As you’re reading this, you’re probably surrounded by paper. In any case, there’s a very high probability you’re within 10 meters of a piece of paper. Paper is so ubiquitous that we take it for granted. It’s like air, we realize it’s there only when we run out of it.
We’ve had paper in Europe since the 14th century, but the first papermakers were the Chinese. Paper was invented under the Han dynasty (3rd century BC – 3rd century AD), but we owe it to the Europeans for making it the preeminent support for writing. Territorial colonies also meant paper colonies, mountains of administrative and bureaucratic pulp issued by proud, righteous nations.
But there is humility in this as well. Paper is the humblest of all support materials. Humblest by birth. Paper was initially made of rag waste beaten to a pulp – literally – in China as well as in Europe. It wasn’t made of wood until the Industrial Revolution of the 19th century. Cutting trees to make paper is now an environmental hazard, but paper used to be a creative recycling practice. Born in rags, paper is now killing our planet.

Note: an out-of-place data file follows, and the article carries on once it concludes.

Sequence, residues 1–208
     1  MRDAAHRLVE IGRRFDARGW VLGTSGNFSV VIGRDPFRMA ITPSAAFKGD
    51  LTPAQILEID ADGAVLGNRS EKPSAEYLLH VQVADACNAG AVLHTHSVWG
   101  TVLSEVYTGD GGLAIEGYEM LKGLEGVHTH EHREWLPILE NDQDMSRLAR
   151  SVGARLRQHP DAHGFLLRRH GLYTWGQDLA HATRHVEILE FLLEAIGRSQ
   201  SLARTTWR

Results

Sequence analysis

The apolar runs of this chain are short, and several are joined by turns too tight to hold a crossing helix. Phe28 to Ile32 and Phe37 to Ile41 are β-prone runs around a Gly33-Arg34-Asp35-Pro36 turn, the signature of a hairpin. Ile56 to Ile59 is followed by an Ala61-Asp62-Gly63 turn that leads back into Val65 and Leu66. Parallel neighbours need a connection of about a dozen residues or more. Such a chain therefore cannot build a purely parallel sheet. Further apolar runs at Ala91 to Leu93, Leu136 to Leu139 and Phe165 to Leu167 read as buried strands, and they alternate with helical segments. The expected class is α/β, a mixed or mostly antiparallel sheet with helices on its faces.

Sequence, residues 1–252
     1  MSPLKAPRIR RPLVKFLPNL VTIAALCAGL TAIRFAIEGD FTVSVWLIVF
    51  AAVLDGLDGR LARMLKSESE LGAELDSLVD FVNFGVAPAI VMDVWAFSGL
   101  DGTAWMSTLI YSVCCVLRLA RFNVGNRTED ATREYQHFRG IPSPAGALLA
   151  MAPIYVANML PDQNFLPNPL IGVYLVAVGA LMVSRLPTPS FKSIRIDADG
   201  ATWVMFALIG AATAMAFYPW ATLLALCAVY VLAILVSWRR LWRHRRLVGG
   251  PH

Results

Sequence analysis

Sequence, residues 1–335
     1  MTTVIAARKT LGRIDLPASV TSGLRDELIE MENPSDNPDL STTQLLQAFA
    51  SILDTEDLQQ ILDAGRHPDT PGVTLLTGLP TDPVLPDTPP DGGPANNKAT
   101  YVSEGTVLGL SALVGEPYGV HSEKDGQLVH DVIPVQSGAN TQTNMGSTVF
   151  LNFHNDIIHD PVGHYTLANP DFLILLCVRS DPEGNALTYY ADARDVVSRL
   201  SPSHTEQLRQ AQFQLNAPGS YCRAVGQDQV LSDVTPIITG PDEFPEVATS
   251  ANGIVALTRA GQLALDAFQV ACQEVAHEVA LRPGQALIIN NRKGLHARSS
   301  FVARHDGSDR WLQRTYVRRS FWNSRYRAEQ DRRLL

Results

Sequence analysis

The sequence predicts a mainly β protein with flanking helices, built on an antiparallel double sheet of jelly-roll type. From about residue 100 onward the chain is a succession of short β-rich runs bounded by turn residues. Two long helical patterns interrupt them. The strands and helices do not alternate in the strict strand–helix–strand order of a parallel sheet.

For a vital period in its history, Europe was paperless. Processed animal skin was considered much more durable, despite its enormous costs of production. It still is the most resilient soft support available, to the effect that all record copies of public Acts of Parliament in the UK are printed on vellum.
When paper was introduced in Europe, there was hesitation among bookmakers as to which should be used, the older parchment or the newer paper. Economics prevailed, helped by the invention of print. Five hundred years later, we stand at a similar junction: does the future belong to paper or to digital? But that’s a reflection for another day.
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